NOAA dedicates Daniel K. Inouye Regional Center in Honolulu

Facility will house most of NOAA’s Hawai’i presence including NOAA Fisheries

On Monday, December 16, NOAA dedicated its new NOAA Daniel K. Inouye Regional Center located on Ford Island in Honolulu. The facility, named for the late Senator Daniel K. Inouye in January 2013, is the last phase of a campus environment that will house 15 NOAA offices with more than 700 staff, and most of the NOAA assets in Hawai’i.

The late Senator Inouye, with support from the Hawai’i Congressional delegation and the state of Hawai’i, led the effort to redevelop Ford Island and secure the necessary funding for a world class facility to support NOAA’s science, service and stewardship mission in the Pacific Region. The $331 million project was partially funded under the American Reinvestment and Recovery Act and represents the largest capital facility project in NOAA’s history.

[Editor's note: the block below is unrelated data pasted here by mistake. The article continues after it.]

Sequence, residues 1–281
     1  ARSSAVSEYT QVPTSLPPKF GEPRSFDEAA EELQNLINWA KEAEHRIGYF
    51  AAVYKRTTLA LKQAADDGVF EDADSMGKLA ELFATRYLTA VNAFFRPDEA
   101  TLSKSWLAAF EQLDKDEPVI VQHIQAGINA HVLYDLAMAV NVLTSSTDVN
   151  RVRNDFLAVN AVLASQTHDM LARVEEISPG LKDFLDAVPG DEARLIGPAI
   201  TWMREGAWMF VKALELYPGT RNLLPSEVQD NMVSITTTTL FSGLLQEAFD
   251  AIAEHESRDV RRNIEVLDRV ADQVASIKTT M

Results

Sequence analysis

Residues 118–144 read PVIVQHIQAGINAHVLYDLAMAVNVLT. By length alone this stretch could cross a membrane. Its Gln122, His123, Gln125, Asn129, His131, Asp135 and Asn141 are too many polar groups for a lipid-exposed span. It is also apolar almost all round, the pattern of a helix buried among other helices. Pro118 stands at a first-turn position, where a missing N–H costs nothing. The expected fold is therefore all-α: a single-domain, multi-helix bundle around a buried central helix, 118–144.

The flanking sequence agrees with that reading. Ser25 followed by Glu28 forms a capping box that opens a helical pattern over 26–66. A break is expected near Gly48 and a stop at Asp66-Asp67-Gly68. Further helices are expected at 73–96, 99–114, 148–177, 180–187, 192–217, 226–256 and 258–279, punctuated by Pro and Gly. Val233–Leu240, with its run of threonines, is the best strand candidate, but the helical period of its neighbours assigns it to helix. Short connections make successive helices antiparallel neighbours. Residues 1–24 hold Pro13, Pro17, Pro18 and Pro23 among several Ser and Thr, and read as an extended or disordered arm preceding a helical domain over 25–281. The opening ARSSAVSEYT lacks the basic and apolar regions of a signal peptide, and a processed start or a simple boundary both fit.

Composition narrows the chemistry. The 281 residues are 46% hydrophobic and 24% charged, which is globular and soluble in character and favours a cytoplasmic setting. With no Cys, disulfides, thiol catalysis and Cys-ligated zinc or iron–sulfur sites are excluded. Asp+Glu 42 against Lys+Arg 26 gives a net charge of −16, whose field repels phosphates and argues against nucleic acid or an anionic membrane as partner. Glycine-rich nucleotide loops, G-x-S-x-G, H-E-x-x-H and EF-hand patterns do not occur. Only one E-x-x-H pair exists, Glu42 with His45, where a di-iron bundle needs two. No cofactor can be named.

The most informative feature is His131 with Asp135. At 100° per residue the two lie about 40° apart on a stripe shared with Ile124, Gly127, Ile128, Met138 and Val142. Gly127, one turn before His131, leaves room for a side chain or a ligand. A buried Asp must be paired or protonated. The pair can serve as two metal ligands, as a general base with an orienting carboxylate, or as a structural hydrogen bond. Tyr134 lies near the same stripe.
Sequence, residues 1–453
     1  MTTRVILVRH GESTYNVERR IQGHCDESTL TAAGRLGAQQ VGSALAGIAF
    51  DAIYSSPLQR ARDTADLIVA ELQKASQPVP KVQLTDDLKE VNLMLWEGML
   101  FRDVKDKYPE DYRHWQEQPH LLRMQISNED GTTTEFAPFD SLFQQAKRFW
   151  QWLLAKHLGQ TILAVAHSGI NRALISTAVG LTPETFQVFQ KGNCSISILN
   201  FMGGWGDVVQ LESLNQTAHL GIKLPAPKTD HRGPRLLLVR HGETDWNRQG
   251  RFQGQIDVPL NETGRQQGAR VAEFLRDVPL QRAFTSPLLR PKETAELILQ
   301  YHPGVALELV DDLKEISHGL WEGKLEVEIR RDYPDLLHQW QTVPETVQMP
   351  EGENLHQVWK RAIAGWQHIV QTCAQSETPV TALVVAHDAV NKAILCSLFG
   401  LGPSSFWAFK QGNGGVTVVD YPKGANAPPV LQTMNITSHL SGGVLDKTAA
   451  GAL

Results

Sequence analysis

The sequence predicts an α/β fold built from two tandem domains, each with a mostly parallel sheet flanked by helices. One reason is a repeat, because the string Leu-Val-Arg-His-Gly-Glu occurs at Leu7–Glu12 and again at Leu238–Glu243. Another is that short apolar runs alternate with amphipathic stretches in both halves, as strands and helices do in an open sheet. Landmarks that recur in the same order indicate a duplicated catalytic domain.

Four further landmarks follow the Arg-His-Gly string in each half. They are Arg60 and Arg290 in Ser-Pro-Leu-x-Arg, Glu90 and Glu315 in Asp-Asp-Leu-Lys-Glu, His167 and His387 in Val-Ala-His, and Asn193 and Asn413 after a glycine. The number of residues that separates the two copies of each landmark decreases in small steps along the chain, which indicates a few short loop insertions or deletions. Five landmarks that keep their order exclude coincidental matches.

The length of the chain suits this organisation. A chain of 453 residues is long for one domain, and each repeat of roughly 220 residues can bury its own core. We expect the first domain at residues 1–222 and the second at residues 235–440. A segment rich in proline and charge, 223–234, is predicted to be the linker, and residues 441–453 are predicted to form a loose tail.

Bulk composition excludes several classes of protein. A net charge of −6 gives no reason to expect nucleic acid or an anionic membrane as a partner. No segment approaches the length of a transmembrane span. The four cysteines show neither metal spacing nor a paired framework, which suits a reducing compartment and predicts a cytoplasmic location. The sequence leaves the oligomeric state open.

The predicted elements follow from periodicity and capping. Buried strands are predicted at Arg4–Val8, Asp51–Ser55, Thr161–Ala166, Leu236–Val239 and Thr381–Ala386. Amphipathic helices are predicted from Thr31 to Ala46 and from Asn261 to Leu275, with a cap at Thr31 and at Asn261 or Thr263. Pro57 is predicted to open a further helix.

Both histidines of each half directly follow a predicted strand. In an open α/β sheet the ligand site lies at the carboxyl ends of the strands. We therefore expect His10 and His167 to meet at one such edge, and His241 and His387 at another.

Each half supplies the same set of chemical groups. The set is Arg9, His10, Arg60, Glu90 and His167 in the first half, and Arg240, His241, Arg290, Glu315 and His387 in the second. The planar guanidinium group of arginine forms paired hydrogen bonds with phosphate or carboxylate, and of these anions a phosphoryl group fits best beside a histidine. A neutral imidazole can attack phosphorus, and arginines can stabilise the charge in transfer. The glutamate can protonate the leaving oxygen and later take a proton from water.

The center is a 35-acre parcel on federally owned property and combines new facilities with the historic preservation of four buildings culminating into a campus which is environmentally sustainable, state of the art, and Leadership in Environmental and Energy Design (LEED) Gold Certified. Specifically, the project involves the renovation and construction of a new central office and laboratory facility, logistics warehouse and seawater facility, port facility, and piers for both large and small vessels.

NOAA anticipates the new facility will save more than $3 million per year in operating and other costs by eliminating office leases, lower energy costs, and consolidation of information technology infrastructure. The site location inspired the designers to feature three key natural resources – water, wind, and sun – into a high-performance facility well adapted to its site, climate and culture.

For more information, please see the IRC brochure here.

About NOAA Fisheries PIFSC

NOAA's Pacific Islands Fisheries Science Center conducts scientific research & monitoring that support the conservation and management of living marine resources.
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